Career Advice

The Ultimate Guide to Landing Jobs in Your Field

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When it comes to finding a job, there are no magic tricks or secrets. It’s a competitive world out there that demands hard work and creativity. Every individual’s story is unique, resulting in different approaches and processes.

Often, people invest in career counseling, advanced degrees, or professional certificates, accumulating more debt, all because they overlook the fundamentals. While these endeavors are admirable and well-intentioned, we tend to overlook the simplicity. Similar to achieving good health through proper diet and exercise, the answer to career success lies in basic principles—sometimes difficult and tedious, yet undeniably effective.

Regardless of what methods or secrets anyone claims to have uncovered for finding a job, the truth of the matter is it’s a dog-eat-dog world out there. There’s no secret behind finding that dream job of yours, it just takes hard work and a little creativityClick To Tweet

After graduation, I confronted the same challenges as countless college graduates across America: a lack of job opportunities. Or so I believed. The reality is that merely obtaining a degree and applying for jobs won’t suffice for fields like Architecture and English. These steps serve as guidelines for those destined to face job market difficulties due to their chosen fields of study. Maintain a positive mindset, believing in your abilities. You dedicated four years to becoming a professional in your field, and that holds tremendous value.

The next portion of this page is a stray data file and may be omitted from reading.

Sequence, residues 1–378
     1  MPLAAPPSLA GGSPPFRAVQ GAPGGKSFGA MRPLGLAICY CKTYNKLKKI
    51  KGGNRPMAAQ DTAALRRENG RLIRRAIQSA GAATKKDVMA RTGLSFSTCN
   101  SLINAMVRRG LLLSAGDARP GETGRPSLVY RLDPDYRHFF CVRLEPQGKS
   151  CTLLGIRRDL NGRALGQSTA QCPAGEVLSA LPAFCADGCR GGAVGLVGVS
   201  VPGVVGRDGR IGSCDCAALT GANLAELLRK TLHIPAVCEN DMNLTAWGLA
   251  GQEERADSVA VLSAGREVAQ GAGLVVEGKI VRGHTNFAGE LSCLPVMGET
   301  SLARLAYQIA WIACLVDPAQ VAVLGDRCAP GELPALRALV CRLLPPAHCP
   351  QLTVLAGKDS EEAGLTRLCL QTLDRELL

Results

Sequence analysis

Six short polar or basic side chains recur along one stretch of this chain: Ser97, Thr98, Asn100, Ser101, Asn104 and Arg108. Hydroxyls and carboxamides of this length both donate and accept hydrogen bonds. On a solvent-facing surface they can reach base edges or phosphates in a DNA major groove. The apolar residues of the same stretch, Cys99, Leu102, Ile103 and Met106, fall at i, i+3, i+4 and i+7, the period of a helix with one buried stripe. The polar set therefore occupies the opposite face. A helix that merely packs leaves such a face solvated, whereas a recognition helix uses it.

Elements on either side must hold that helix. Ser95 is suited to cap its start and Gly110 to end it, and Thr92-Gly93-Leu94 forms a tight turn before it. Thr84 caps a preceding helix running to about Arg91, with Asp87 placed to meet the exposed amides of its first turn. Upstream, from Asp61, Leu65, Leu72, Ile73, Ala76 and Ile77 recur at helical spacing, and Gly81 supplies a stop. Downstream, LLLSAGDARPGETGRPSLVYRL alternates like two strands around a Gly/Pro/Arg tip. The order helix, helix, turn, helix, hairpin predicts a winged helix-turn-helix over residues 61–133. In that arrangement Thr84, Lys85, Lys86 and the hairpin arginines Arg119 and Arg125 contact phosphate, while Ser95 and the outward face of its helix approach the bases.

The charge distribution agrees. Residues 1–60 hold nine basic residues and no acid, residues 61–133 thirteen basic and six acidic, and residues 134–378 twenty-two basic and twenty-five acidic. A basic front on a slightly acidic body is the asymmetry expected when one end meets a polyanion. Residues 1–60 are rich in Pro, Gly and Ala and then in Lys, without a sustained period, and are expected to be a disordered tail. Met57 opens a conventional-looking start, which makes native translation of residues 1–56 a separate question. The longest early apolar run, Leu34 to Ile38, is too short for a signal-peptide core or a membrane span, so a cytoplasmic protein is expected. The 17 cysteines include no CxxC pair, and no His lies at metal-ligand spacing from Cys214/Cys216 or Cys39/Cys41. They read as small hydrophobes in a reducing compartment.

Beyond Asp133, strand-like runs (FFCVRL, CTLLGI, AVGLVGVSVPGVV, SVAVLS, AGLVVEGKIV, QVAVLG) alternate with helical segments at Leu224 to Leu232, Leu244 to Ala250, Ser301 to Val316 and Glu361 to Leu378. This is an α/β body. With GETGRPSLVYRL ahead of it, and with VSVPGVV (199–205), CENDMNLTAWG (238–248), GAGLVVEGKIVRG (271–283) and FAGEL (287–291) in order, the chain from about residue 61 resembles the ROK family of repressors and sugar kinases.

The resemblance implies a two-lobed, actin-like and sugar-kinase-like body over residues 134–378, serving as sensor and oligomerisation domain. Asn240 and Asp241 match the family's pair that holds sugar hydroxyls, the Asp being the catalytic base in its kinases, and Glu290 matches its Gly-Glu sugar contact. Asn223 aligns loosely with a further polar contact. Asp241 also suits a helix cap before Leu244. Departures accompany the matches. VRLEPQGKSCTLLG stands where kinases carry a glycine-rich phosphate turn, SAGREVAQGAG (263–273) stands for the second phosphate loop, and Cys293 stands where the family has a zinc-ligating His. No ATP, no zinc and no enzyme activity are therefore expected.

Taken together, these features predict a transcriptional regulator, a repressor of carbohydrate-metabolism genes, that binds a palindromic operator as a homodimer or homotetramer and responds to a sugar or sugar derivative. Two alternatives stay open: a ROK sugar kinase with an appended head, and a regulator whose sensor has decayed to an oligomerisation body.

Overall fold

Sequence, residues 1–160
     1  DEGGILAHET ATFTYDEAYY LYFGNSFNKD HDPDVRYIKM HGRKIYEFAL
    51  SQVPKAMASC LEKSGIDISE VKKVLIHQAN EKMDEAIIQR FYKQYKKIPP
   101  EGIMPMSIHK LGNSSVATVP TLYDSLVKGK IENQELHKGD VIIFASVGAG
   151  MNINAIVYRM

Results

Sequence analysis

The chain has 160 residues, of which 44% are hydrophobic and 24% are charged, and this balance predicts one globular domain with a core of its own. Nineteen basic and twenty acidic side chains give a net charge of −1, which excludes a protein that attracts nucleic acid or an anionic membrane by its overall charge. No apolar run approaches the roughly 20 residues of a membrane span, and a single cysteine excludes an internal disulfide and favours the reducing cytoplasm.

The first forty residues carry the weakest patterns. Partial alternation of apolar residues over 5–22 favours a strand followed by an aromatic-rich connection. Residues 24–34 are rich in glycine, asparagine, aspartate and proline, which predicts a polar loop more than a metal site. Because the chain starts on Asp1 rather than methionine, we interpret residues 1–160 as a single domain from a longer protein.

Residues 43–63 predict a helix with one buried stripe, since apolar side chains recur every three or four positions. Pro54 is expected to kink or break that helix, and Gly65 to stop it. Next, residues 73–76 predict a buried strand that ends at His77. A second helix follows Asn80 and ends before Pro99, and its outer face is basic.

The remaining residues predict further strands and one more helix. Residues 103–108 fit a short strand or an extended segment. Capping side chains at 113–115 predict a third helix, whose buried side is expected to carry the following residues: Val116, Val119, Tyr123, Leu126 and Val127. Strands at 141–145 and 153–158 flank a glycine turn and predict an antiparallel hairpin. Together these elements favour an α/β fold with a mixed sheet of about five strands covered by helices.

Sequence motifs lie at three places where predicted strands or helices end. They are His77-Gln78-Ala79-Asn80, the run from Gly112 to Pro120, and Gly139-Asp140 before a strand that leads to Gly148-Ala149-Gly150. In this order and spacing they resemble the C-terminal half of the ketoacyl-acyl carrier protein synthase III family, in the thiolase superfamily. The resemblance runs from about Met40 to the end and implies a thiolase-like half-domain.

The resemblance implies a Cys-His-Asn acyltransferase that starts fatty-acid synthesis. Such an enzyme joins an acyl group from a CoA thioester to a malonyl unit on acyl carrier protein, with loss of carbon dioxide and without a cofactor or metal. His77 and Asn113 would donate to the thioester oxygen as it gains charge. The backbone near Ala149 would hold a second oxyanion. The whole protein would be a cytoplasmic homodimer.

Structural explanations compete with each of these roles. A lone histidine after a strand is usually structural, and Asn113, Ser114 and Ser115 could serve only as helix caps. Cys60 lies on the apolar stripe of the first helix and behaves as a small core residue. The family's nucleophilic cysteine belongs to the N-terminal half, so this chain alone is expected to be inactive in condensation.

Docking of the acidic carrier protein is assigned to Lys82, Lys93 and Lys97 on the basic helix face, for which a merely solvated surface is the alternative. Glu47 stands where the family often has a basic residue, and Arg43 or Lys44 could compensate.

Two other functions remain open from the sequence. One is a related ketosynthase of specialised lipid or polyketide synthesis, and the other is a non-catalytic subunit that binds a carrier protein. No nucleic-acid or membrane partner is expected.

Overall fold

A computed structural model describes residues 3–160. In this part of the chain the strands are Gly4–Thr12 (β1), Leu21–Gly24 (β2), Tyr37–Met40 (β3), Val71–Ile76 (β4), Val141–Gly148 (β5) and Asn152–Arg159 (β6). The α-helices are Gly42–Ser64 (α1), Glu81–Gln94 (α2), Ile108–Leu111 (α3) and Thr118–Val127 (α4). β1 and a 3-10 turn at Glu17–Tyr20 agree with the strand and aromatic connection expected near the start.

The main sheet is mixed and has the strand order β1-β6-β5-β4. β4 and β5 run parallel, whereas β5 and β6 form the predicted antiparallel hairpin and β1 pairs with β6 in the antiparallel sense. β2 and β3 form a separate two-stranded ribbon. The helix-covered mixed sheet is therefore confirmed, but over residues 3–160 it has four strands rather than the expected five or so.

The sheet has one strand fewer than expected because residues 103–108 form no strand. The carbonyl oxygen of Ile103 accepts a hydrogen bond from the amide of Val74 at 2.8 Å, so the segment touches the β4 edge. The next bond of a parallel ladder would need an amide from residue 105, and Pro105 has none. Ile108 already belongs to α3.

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10. Start with family

The number one person who cares the most about your well-being and success is you. Second, on that list are your loved ones. This could be your father, mother, brothers, cousins, uncles, spouse, or a very close friend. Make sure you have a good talk with all those who you consider family and ask them for advice. Swallow your pride and let them know you’re in a difficult situation and are on the job hunt. They’ll be glad to help you in any way they can and will be able to offer you a different point of view. The important thing is to remember that you don’t have to do this alone.

9. Let everyone know what you do and what you’re looking for

Go beyond the scope of your family and close friends. Don’t discuss the detailed personal matters of your situation, but just make sure everyone in your social circles knows what you’re about and what you love. Tweet about how your favorite architecture firms or art galleries. Always share your goals and dreams. When someone asks you want you’ve been up to, share that you’re looking for a job in your field. Keep it friendly and casual. This is basic networking.